An overseas invasion has taken over The Matinee ’20 November 30 edition, as 8 of the 9 featured artists and bands reside outside North America. Many of them have been featured in this space before to go along with a couple of newcomers, including one from Portland. All these songs offer the perfect pick-me-up after a long weekend.
Dead Naked Hippies – “Curiosity (Dawn)” (Leeds, England)
RIYL: Warpaint, Yeah Yeah Yeahs, Savages
Since releasing their debut single, “Lights Out”, almost four years to the day, Dead Naked Hippies immediately put themselves on the UK indie radar. Their subsequent releases, including the face-melting “Young Male Rage”, had the likes of BBC Radio, DIY, and yours truly exalting about the trio’s potential to be the next Savages. Lucy Jowett, Joe Clarke, and Jacob Marston, however, have been fairly meticulous with their work, sporadically sharing new music. In the midst of a global pandemic, maybe the Leeds-based outfit will accelerate their production and finally unveil their much-anticipated debut album. We’re only speculating and explicitly hoping that “Curiosity (Dawn)” is the pebble that starts the tidal wave from this outstanding band.
Whereas their previous, fiery songs were guitar-driven, Dead Naked Hippies turn a page and dive into the world of Gothic, post-punk darkwave. The track is reminiscent of the Yeah Yeah Yeahs’ transformation on It’s Blitz!, where the canvas may have changed but the band’s intensity and poignant social commentary remains. As synths screech and a hypnotic rhythm section trembles, Jowett’s voice feels omnipresent. She fills every void in the swirling arrangement as well as within our minds, hollering words that we ask ourselves every day. She wonders aloud her purpose in this world, whether she is to be a good soldier or truly an individual.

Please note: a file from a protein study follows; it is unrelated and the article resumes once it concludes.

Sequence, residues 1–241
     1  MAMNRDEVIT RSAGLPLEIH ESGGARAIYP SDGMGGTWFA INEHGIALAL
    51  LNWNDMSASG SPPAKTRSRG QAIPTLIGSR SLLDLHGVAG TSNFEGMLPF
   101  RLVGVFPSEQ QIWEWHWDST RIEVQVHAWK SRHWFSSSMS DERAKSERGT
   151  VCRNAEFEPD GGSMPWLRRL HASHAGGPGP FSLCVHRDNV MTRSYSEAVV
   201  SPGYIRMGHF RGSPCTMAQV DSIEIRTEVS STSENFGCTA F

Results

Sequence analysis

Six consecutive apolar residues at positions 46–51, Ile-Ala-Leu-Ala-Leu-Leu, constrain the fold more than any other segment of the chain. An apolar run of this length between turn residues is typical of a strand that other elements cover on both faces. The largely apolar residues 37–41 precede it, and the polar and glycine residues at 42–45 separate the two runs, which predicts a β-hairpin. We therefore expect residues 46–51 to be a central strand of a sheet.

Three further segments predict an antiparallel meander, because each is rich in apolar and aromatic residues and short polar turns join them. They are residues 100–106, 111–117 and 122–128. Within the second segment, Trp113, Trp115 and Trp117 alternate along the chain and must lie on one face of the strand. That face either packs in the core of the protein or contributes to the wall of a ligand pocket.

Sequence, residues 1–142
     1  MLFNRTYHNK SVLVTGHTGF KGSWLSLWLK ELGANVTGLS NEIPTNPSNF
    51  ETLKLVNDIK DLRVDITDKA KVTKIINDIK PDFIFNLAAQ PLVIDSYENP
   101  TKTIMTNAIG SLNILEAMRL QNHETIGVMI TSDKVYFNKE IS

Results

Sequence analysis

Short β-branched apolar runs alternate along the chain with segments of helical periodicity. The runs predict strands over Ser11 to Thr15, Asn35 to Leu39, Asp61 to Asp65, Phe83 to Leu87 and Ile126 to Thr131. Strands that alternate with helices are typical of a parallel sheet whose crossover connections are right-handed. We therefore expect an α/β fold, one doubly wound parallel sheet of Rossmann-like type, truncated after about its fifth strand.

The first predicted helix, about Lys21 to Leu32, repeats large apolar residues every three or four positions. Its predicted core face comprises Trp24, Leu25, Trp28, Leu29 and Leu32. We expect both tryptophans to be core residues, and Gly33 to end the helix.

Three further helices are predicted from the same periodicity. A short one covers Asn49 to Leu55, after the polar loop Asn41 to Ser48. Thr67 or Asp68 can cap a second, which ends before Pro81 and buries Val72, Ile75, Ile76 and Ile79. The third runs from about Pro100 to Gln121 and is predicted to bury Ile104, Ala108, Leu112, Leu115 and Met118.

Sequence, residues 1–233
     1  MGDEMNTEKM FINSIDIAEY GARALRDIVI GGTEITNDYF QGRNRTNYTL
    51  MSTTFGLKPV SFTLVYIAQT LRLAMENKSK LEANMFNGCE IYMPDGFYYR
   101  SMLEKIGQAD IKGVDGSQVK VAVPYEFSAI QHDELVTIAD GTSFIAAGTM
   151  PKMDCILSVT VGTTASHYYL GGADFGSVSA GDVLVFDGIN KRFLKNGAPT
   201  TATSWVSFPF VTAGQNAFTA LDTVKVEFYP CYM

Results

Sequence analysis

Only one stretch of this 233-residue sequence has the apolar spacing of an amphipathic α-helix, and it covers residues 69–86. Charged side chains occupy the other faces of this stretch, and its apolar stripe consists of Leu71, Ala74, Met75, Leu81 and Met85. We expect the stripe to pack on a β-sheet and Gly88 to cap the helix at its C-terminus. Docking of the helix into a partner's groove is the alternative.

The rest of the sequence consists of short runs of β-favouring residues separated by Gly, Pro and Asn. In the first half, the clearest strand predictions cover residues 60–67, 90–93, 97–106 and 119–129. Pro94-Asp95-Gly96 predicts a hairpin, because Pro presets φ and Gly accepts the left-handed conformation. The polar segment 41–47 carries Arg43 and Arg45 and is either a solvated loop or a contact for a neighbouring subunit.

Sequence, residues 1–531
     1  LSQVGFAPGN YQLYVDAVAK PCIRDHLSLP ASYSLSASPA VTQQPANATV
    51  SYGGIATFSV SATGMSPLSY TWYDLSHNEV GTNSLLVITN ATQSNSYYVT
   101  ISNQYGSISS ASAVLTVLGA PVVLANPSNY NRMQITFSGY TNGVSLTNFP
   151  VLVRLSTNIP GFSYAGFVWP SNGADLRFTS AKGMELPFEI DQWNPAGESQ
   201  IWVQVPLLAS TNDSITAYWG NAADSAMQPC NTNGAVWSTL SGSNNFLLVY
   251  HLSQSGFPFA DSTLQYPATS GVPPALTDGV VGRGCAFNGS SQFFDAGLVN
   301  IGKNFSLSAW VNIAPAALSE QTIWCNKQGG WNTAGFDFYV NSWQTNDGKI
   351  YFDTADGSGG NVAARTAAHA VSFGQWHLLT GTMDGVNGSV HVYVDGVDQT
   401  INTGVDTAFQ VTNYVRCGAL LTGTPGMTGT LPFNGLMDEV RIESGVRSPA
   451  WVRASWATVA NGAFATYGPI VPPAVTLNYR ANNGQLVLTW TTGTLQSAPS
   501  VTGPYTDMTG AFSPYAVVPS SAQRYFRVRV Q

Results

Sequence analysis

“Out pour the words under bitter breath
I asked to breathe but they served me death
Tickle my nerves when I’m under threat
A nightmare that I won’t forget”
Can we have a lot more of this please!
Lagun – “Take Off” (Stockholm, Sweden)
RIYL: Widowspeak, Amason, Tennis
Anyone who has followed the Swedish indie scene knows there is a distinct Scandinavian sound that masterfully meshes dream-pop, shoegaze, and indie pop and indie rock. The Cardigans kicked it off with bands like Amason, Makthaverskan, and Westkust following this century. Since then, a wave of young, talented bands have emerged, and the latest to arrive offers an East Coast USA vibe to the Nordic scene.
Ladies and gentlemen, get to know Stockholm duo Lagun. While we have little information about the pair other than their names (Laura Lyth and Fredrik Sjöström), all we can tell is that fans of Widowspeak, Tennis, Belle Mare, and La Sera will immediately gravitate to their psych-infused, dream-pop style as heard on “Take Off”.
Their second single is the sound of late autumn with its charming, breezy approach. Every element is delivered with a delicate touch akin to a soft caress that leaves chills down your back. As such, you may find yourself lying at an oasis in some distant place or ascending to the clouds. Wherever your mind wanders, this utopia is far away from where you are now. Even Lyth’s dreamy vocals offer us guidance about “leaving it all behind to fall through” and find our little sanctuary. Since we are limited in where we can go, our escape is in this song.